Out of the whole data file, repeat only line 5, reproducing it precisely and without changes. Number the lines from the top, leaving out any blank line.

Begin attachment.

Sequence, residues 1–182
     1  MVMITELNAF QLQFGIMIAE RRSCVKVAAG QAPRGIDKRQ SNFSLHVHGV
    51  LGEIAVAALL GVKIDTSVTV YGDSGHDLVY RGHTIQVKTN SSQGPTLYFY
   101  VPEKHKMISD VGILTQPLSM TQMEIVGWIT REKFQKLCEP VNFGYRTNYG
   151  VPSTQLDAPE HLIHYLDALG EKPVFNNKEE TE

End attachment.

   151  VPSTQLDAPE HLIHYLDALG EKPVFNNKEE TE